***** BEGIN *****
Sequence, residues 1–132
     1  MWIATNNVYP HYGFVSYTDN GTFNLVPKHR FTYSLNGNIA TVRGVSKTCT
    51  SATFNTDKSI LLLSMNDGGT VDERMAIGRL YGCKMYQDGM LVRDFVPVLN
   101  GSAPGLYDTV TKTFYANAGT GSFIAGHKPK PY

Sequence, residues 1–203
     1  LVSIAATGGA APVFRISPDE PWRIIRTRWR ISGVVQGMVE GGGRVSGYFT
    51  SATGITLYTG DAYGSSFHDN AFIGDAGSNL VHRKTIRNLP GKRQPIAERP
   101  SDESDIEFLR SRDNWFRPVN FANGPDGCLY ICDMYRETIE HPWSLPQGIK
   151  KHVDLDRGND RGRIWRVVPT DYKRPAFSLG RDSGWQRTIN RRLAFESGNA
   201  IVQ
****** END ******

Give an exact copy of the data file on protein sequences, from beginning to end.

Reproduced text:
Sequence, residues 1–132
     1  MWIATNNVYP HYGFVSYTDN GTFNLVPKHR FTYSLNGNIA TVRGVSKTCT
    51  SATFNTDKSI LLLSMNDGGT VDERMAIGRL YGCKMYQDGM LVRDFVPVLN
   101  GSAPGLYDTV TKTFYANAGT GSFIAGHKPK PY

Sequence, residues 1–203
     1  LVSIAATGGA APVFRISPDE PWRIIRTRWR ISGVVQGMVE GGGRVSGYFT
    51  SATGITLYTG DAYGSSFHDN AFIGDAGSNL VHRKTIRNLP GKRQPIAERP
   101  SDESDIEFLR SRDNWFRPVN FANGPDGCLY ICDMYRETIE HPWSLPQGIK
   151  KHVDLDRGND RGRIWRVVPT DYKRPAFSLG RDSGWQRTIN RRLAFESGNA
   201  IVQ